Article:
World Environment Day: Are Pakistanis dirty or simply lazy?

I’ve always wondered why the people in our society adore filth, disarray, and junk spread all around.

Rushna Khalil June 05, 2015
Imagine driving through the busiest street of a major metropolitan city in Pakistan. What would you see? Buildings, vehicles, street vendors, a crowd of people? Obviously. But alongside this, you would also be welcomed by a heap of filthy, smelly garbage simple lying around the pavements.

And ironically, this view is not unique to one street; almost every street in all major areas of Pakistan has the same scene welcoming those who travel through them. If ones environment signifies ones psyche, then we Pakistanis indeed have very dirty minds.

But, as most would argue, this isn’t our fault... right?

I mean, is it not the responsibility of the relevant authorities to pick the trash up our trash after us and isn’t it their responsibility to prohibit us from throwing garbage? Obviously, the government has nothing better to do, right? Our sole responsibility is to blame the government when the garbage thrown by us pollutes the environment and further spreads diseases, right?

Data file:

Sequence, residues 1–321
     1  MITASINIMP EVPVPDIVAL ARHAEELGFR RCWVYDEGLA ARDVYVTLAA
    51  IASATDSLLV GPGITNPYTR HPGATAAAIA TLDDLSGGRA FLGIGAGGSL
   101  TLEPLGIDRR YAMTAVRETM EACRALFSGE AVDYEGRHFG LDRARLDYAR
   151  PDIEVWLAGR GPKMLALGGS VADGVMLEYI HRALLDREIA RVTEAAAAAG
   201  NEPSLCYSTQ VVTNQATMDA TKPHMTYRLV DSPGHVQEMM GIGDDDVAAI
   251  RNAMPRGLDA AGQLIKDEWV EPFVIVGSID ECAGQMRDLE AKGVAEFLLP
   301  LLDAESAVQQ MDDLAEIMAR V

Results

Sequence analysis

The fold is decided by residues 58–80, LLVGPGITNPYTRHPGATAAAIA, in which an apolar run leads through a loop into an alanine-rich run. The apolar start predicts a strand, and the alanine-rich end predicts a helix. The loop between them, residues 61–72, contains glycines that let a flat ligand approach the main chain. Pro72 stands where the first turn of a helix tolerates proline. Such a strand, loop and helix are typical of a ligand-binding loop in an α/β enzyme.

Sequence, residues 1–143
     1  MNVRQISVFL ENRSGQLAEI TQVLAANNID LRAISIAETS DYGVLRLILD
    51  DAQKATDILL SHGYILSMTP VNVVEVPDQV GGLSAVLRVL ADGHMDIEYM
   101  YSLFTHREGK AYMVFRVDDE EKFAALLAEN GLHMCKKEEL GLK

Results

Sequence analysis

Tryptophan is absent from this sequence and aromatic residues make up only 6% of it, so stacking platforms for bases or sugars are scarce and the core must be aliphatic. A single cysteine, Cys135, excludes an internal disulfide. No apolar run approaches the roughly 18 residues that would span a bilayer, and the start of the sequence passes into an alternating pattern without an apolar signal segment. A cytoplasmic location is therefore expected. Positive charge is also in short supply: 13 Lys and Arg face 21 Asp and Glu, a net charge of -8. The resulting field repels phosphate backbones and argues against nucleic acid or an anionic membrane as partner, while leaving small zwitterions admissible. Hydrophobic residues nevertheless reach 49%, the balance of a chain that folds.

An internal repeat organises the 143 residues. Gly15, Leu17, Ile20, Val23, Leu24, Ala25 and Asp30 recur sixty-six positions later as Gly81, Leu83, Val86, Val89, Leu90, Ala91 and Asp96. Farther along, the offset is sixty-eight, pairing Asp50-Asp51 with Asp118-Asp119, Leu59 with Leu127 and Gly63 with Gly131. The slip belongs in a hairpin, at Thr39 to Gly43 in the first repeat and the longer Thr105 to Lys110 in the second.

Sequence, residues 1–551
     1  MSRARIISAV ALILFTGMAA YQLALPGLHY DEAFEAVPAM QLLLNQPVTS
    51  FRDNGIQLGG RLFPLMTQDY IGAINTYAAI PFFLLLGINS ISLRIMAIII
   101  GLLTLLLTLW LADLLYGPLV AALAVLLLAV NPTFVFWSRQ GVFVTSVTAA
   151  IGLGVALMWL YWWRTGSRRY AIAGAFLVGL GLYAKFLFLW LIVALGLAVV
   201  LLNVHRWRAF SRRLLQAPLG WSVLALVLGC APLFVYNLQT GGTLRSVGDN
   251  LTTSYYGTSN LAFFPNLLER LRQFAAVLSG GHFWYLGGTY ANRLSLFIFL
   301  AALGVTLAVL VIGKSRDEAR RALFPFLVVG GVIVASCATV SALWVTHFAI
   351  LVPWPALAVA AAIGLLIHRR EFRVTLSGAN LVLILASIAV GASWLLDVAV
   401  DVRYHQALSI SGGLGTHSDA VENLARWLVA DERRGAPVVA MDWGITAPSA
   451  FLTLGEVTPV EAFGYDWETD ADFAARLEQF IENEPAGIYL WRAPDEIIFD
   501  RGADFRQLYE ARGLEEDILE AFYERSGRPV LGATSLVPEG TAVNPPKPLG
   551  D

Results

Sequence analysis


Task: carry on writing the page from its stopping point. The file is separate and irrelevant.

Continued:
Unfortunately, this is a prevailing attitude in our society which externalises everything. Primarily, it is the the citizen’s duty to keep their environment clean, not the government’s. If you litter in your house, you can’t expect your parents to come and clean up after you. It is you who will have to own up to your mistake and clean the house. But this is something we just don’t understand. Even Islam, which is kept on a high pedestal by an overwhelming majority of our people, demands cleanliness and has termed it half of our faith.

Yet we choose to ignore it.

Whenever I ask someone to not litter on the streets, I get the clichéd reply that since the streets are already dirty, throwing another wrapper won’t make a difference. But why do we forget that this heap of garbage is a collection of thousands of single wrappers? If each member of our society realised their responsibility towards our environment, we could have garbage-free roads.